Astillbe x arendsii    False Goat’s Beard
Athyrium nipponicum   Japanese Painted fern
Baptisia False    Indigo

Begonia picotee
Bletilla striata   terrestrial orchid
Buddleia Butterfly bush  ‘Pink Delight’ ‘Charming’ among others
Callicarpa   Beauty Berry

Canna Canna Lily
Caryopteris   Blue Mist Spirea
Ceanothus   California lilac
Ceratostigma plumbaginoides   trailing Leadwort
Cercis   Redbud
Cimicifuga racemosa Bugbane
Clematis x jackmanii
Convallaraia   Lily-of-the-valley ‘rosea’, majalis, m. ‘Albostriata’
Cornus florida and Kousa
Cotinus coggygria   Smoke bush

Rudbeckia -Gloriosa Daisy ‘Tiger Eye Gold’ in sculptural basket with Hemerocallis fulva- the common orange daylily in the back

Crocosmia   crocosmiiflora
Cyclamen   Dahlia
Delospermum   Iceplant


Dianthus   pinks

Dicentra   Bleeding Heart
Dictamnus Gasplant   Digitalis Foxlove
Dryopteris   Wood Fern
Echinacea   Coneflower
Epimedium  Barrenwort
Eremurus   Foxtail Lily


Lonicera sempervirens-Honeysuckle vine ‘Blanche Sandman’ climbing up an old ladder.

Gaillardia x grandiflora   Blanketflower
Galium   Sweet woodruff

Gentiana    Gentian
Geranium   Cranesbill

Hakonechloa macra ‘Aureola’    Hakone grass

Helenium   Sneezeweed (in front of house zinnzaeflora  and autumnale near cannas)

Helianthus x multiflorus ‘Loddon Gold’  sunflower
Heliopsis helianthoides   Sunflower heliopsis
Helleborus   Hellebore, Lenton Rose
Hemerocallis  Daylily

Hydrangea macrophylla ‘Nikko Blue’ on the side of my property in front of Rose of Sharon bushes, next to a Hosta plant.


Hydrangea and climbing hydrangea
Hypericum ‘Hidcote’   Saint John’s Wort


Ilex verticillata    Winterberry holly
Ipheion uniflorum   Spring starflower
Ipomoea     morning glory
Iris (pseudocarus, ensata, cristrata,Siberian
Kalmia Mountain Laurel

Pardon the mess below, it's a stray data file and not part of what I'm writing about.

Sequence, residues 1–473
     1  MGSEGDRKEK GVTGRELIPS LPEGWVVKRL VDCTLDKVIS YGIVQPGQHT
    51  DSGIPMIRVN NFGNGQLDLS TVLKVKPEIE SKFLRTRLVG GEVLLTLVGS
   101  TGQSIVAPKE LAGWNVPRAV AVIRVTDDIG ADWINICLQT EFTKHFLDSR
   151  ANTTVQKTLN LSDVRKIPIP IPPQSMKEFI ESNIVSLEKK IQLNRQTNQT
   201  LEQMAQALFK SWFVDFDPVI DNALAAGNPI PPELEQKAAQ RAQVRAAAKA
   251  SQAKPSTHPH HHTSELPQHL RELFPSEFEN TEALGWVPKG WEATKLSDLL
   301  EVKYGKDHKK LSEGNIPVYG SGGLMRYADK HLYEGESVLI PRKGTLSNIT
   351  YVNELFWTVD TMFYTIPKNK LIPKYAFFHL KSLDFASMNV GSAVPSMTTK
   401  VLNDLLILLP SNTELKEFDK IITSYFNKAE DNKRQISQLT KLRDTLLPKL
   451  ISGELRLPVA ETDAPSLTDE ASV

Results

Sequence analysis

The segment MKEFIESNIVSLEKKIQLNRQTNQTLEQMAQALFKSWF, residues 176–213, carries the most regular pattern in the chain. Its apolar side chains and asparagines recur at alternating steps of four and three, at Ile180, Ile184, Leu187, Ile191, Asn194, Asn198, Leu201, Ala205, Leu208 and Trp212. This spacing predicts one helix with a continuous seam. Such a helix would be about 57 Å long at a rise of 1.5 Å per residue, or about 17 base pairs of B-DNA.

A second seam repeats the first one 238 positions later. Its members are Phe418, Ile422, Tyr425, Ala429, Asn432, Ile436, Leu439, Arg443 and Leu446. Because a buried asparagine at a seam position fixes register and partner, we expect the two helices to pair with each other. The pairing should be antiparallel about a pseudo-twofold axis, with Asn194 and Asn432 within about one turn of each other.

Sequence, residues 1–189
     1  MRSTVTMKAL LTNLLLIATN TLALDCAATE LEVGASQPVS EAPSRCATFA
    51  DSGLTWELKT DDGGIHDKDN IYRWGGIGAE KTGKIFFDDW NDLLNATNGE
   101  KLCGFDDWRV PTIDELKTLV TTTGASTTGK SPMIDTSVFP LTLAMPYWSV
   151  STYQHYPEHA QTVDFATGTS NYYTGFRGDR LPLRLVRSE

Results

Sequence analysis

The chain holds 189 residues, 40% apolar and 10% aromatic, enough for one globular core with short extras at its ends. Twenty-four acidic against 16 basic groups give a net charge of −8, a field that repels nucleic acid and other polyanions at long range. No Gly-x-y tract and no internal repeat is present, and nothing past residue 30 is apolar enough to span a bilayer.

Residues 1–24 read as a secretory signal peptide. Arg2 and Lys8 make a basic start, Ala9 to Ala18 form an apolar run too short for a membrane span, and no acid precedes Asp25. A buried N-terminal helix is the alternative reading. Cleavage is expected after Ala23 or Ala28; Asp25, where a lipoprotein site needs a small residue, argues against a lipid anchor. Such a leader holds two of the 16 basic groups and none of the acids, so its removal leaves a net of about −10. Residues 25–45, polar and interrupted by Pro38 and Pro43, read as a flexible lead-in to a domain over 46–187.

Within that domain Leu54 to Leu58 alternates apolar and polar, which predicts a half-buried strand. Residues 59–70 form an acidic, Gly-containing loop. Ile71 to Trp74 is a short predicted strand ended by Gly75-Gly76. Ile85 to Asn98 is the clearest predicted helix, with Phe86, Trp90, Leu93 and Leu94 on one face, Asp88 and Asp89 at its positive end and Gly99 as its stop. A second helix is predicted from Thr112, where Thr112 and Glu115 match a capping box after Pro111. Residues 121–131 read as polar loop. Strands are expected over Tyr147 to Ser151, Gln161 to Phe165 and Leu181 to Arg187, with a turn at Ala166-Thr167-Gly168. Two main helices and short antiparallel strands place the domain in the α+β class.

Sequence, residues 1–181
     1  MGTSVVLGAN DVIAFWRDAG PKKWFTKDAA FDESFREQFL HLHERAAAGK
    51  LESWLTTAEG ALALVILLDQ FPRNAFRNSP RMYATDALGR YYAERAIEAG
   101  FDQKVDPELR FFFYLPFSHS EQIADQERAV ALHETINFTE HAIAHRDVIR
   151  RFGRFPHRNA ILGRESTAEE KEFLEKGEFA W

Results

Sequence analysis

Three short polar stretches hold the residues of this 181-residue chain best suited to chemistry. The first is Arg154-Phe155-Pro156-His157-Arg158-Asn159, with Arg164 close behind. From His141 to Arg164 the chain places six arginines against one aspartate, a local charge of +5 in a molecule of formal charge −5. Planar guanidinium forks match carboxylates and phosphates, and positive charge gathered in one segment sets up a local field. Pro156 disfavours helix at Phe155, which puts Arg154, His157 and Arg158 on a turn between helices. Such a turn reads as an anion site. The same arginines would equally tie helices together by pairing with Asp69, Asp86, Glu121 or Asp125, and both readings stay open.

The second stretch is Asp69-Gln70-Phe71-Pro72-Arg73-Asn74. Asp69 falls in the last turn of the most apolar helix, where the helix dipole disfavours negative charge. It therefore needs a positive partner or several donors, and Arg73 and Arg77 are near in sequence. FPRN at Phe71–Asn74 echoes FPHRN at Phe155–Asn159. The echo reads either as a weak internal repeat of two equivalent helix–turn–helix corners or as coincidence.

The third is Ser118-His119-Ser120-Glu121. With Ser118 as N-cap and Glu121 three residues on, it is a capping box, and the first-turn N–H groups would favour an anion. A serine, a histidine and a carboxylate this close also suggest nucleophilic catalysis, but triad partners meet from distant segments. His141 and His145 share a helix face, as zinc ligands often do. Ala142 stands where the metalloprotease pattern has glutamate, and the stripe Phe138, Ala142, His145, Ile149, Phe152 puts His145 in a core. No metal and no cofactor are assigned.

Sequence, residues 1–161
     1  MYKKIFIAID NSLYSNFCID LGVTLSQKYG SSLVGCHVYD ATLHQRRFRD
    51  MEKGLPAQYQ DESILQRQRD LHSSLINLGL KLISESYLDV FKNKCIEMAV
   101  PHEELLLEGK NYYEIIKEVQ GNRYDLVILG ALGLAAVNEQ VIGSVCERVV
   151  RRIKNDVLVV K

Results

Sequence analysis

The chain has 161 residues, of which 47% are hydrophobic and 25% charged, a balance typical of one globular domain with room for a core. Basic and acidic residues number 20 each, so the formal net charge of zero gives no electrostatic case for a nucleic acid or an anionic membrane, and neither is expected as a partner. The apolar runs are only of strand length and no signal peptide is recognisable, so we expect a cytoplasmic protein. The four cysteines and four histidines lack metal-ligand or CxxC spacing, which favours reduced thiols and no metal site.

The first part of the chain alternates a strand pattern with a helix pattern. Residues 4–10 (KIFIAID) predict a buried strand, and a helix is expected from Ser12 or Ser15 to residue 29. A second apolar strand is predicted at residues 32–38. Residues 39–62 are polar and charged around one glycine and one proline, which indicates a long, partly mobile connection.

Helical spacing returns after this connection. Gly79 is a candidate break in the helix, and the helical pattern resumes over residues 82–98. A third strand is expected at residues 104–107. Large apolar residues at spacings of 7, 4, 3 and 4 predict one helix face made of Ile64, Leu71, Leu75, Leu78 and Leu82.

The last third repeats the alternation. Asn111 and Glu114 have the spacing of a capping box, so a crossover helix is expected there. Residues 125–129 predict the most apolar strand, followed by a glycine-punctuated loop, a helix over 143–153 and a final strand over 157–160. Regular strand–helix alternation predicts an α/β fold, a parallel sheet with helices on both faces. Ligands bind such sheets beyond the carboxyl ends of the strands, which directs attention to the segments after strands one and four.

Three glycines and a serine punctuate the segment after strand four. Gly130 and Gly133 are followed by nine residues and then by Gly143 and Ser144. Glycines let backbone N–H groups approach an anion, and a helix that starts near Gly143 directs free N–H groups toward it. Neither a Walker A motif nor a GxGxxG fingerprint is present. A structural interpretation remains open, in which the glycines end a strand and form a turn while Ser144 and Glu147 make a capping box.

Kniphofia Red-hot poker
Lagerostroemia Crepe Myrtle
Lamium   Dead nettle
Lavandula   Lavender
Leucanthemum   Shasta Daisy
Liatris   Gayfeather
Lilium  Lily
Lobelia cardinalis
Lonicera sempervirens    Honeysuckle Blanche Sandman

Lychnis   Campion

Lysimachia ciliata ‘purpurea’   loosestrife

Lilium asiatic -Asiatic Lily growing in front of my property with Chrysanthemum maximum -Shasta daisies behind them


Mertensia   Bluebell
Monarda   Beebalm
Musa basjoo  Japanese banana
Myosotis    Forget-me-not
Narcissus Daffodil
Nepeta Catnip
Oenothera fruticosa and speciosa   Evening primrose, sundrops
Paeonia Peony both herbaceous and tree peon
Papaver somniferum   poppy
Penstemon   Beardtongue
Perovskia atriplicifolia   Russian Sage
Phlox paniculata and subulata
Pieris Japonica   Lily of the Valley bush
Polemonium caeruleum    Jacob’s Ladder
Polygonatum odoratum   Solomon’s Seal ‘variegatum’ and Polygonatum humile
Potentilla   Scarlet starlet
Primula   Primrose
Pulmonaria   Lungwort
Pulsatilla vulgaris   Pasgueflower

Rhodotypos scandens   Jet black bead shrub
Rodgersia pinnata
Rosa    Roses Knock out red and pink, The Fairy rose, Easy Livin’, Julia Child, climbing roses and miniature roses

Rose of Sharon

Rudbeckia   Coneflower, Black-Eyed Susan

Rubus ‘Arapaho’   Thornless blackberry
Sambucus    Elderberry canendensis and Black Lace
Scabiosa Scabious     pincushion flower
Scilla hyachinthinoides
Scotch moss
Sedum ‘Autumn joy’
Sisyrinchium    Blue-eyed grass common and ‘ Lucerne’
Stokesia laevis    Stoke’s aster
Stylophorum diphyllum    Wood poppy, Celandine poppy
Syringa   Lilacs
Tradescantia virginiana     spiderwort
Tricyrtis    Toad lily
Verbena Vervain   ‘Homestead purple’ and Verbena bonariensis
Veronica   Speedwell

Viburnum carlesii   Korean Spice Bush, V. plicatum ‘popcorn’ and others

Papaver orientale Oriental Poppy Flower

Vitex   Texas Lilac


Box Elder
Crab Apple
Cedar trees
Hickory nut trees
Oak tree
White Pine
Tulip Poplar
Sorrel Tree
Norway Spruce
sycamore trees
Sweet gum
Black Walnut
Weeping Willow

Hanging baskets with Impatiens walleriana double and single hanging on the side deck overlooking the wooded back yard. Also, sitting on the steps is another Rudbeckia’ Tiger Eye Gold” and a primrose, Primula Salvana, sits in a container.